Two weeks removed from losing his WBA featherweight title, Chris John called a media gathering and announced his immediate retirement from the sport.
“Now that I have achieved more than I have ever dreamt of in my career I would like to formally announce my retirement,” John told the assembled press in his native Indonesia.
In his most recent fight against Simphiwe Vetyeka, John was attempting to equal the 126-pound record of 19 tilte defenses held by Eusebio Pedroza, only to fail at the final hurdle. After being dropped at the end of the sixth round, his corner pulled him out of the fight.
“I did my best to attempt to equal the record for title defences but lost,” John said. “That’s boxing. You cannot win all the time.
“Vetyeka is a good boxer and I give him full credit for the win. He deserves it. But I could no longer make the featherweight limit and it was the toughest challenge of my career just to make the weight to be able to defend my title. Since I became a professional in 1998, I have boxed as a featherweight.”
John, who was introduced to boxing at 5 years old, intends to remain in boxing in some capacity.
“I would like to give back to the sport of boxing which has been so good to me and given me and my family a better life,” said the 34-year-old veteran. “And I want to continue to represent Indonesia as best as I can.”
He intends to spend time with his family.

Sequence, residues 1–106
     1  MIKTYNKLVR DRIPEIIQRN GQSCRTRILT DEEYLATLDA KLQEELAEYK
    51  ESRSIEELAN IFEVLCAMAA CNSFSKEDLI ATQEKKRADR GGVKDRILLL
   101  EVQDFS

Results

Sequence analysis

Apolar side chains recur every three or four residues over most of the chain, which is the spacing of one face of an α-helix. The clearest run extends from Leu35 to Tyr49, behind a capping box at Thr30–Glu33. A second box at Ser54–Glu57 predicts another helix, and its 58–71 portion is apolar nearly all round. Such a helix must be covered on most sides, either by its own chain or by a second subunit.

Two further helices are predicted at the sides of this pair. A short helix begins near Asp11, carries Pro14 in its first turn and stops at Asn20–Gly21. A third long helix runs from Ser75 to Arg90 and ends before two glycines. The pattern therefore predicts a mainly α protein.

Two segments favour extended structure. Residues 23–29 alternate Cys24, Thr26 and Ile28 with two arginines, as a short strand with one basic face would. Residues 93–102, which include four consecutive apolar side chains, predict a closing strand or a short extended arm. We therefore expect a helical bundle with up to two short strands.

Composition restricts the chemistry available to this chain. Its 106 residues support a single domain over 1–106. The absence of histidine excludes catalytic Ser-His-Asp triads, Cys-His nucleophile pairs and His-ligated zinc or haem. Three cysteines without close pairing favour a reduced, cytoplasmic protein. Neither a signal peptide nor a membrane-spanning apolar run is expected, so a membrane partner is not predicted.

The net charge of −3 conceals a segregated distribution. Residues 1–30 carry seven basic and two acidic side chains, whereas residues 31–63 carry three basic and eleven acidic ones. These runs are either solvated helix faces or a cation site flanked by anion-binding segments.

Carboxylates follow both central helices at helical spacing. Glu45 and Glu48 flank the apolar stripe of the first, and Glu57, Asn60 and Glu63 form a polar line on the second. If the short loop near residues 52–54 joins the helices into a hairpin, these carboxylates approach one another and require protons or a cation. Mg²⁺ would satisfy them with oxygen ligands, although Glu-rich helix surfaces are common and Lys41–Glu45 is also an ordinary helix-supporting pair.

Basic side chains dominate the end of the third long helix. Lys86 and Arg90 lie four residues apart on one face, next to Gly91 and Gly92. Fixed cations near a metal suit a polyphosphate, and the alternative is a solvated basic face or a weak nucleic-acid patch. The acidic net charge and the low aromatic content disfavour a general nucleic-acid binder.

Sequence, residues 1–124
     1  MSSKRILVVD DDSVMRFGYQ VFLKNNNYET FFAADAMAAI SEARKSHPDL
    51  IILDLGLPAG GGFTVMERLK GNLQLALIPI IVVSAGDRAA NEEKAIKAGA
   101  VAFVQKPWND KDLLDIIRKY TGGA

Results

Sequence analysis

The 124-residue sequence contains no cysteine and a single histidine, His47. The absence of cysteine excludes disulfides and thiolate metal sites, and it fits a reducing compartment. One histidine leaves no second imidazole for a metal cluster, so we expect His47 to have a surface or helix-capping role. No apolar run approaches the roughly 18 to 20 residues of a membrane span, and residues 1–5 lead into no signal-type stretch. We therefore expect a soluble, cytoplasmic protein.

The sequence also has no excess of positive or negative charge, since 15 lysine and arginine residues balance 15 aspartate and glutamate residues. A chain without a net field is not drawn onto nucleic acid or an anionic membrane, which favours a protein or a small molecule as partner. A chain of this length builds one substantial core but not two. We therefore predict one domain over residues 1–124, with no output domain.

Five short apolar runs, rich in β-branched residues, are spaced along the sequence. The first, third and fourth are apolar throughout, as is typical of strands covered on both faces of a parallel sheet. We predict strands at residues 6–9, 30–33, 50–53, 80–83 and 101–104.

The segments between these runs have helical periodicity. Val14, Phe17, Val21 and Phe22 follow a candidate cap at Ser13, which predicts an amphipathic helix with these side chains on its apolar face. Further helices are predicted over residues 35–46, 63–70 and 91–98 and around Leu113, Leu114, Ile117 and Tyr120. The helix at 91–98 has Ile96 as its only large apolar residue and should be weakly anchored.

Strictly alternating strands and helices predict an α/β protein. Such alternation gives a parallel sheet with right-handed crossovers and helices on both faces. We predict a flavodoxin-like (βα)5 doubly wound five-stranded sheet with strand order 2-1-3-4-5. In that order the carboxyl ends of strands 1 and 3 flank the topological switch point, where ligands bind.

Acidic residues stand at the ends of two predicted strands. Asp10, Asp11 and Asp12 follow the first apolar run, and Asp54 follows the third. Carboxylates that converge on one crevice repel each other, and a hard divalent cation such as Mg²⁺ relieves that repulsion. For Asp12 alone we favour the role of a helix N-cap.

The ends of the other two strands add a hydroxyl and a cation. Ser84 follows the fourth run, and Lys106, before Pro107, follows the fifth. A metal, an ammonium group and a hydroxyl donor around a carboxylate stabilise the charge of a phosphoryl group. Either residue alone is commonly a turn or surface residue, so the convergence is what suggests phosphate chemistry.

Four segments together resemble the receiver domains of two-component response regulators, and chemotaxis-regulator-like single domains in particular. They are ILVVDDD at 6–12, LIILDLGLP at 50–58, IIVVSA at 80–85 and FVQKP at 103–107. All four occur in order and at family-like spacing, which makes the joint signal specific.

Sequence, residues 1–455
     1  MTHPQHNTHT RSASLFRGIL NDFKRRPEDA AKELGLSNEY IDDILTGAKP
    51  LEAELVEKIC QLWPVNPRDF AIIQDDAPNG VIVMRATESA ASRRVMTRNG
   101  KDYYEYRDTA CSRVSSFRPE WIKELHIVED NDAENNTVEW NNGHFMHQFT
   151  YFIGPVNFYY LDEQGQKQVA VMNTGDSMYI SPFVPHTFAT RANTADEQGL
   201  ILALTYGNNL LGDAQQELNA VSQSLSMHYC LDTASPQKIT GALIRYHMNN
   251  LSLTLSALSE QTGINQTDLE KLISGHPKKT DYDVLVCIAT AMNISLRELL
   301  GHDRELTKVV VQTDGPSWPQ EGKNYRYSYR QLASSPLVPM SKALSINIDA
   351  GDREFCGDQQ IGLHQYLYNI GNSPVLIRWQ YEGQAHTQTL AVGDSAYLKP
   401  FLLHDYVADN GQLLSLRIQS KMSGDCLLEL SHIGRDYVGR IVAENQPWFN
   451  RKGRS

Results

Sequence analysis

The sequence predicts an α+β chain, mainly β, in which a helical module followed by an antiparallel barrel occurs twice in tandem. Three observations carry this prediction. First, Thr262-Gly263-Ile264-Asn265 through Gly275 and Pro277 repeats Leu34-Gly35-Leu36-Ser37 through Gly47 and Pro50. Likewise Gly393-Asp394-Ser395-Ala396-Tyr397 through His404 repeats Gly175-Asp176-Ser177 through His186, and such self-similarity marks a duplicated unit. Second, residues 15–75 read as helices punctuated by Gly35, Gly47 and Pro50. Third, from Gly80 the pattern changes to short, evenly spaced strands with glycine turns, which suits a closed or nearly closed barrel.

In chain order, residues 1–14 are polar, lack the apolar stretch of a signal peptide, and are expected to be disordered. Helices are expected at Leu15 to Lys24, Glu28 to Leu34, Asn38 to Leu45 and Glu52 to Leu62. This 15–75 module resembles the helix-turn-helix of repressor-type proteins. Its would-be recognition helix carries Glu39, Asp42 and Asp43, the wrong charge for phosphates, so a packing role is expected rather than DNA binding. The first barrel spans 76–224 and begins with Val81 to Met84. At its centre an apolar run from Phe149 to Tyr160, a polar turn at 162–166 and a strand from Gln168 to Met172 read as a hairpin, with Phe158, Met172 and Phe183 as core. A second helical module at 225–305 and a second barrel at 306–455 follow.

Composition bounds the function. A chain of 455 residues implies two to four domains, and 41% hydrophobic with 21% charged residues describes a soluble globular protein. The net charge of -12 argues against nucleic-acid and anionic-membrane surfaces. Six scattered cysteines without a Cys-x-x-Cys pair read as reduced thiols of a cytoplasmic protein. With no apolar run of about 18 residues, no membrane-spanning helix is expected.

“Most importantly now I will spend time with my wife and children,” John said. “The most important title I have held in my life is ‘father.'”
The WBA’s fighter of the decade exits pro boxing with a record of 48-1-3 with 22 knockouts. He will long be remembered as one of boxing’s most humble people.
John took the time to thank a plethora of people including his trainer Craig Christian, international boxing agent Sampson Lewkowicz, and several members of his team, notably Yoanthan Peritna, Bob Fidanovsk, Angelo Hyder and Tony Tolj.
He also acknowledged his signature victory over Juan Manuel Marquez
“My most famous victory was against Juan Manuel Marquez,” he said. “This happened in 2006 in Tengarrong. Not many people give me a chance to win this one but all my preparation at Harry’s Gym made this possible.”
Surprisingly, he would say his toughest night’s work took place in the second year of his pro career.
“The hardest fight of my career, and the one that taught me so much so early in my career, was my 12th fight,” he said. “I was 20 years old fighting Muhammad Alfaridzi at the Indosiar Studio in Jakarta in July 1999. It was for the national featherweight title. I was knocked down twice in round one and I had my nose broken in that same round. I had massive bleeding but I would never let this opportunity pass. As my father taught me, success is when opportunity meets preparation and I was well prepared and in the 12th round I knew I had the opportunity for the knokcout and had no option because so much blood was coming from my nose.”
Only Joe Louis (11 years, 7 months), Joe Calzaghe (10 years, 11 months) and Bernard Hopkins (10 years, three months) reigned continuously in the same division longer than John, who held the WBA featherweight crown for 10 years and one month.
He would fight in several countries including Japan three times, Australia on three occasions, as well as Singapore twice. He also fought twice in America, drawing with Rocky Juarez in 2009 before winning the rematch on the undercard of Floyd Mayweather-Marquez.
Photos / AFP, Suhaimi Abdullah-Getty Images